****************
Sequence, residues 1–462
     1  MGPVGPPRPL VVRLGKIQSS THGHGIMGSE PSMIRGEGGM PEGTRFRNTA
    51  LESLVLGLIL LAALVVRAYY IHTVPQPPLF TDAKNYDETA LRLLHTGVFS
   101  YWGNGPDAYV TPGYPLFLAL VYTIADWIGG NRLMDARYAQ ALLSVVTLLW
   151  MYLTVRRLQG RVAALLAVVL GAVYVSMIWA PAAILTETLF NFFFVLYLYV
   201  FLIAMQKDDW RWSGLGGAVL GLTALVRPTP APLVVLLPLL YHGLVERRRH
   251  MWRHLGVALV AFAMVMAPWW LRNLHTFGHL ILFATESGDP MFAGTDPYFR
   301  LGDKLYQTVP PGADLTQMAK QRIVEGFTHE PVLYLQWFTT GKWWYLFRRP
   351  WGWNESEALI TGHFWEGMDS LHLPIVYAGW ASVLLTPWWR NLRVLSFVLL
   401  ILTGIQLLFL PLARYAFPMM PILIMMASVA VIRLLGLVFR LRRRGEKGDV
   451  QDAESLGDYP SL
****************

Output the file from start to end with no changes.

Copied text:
Sequence, residues 1–462
     1  MGPVGPPRPL VVRLGKIQSS THGHGIMGSE PSMIRGEGGM PEGTRFRNTA
    51  LESLVLGLIL LAALVVRAYY IHTVPQPPLF TDAKNYDETA LRLLHTGVFS
   101  YWGNGPDAYV TPGYPLFLAL VYTIADWIGG NRLMDARYAQ ALLSVVTLLW
   151  MYLTVRRLQG RVAALLAVVL GAVYVSMIWA PAAILTETLF NFFFVLYLYV
   201  FLIAMQKDDW RWSGLGGAVL GLTALVRPTP APLVVLLPLL YHGLVERRRH
   251  MWRHLGVALV AFAMVMAPWW LRNLHTFGHL ILFATESGDP MFAGTDPYFR
   301  LGDKLYQTVP PGADLTQMAK QRIVEGFTHE PVLYLQWFTT GKWWYLFRRP
   351  WGWNESEALI TGHFWEGMDS LHLPIVYAGW ASVLLTPWWR NLRVLSFVLL
   401  ILTGIQLLFL PLARYAFPMM PILIMMASVA VIRLLGLVFR LRRRGEKGDV
   451  QDAESLGDYP SL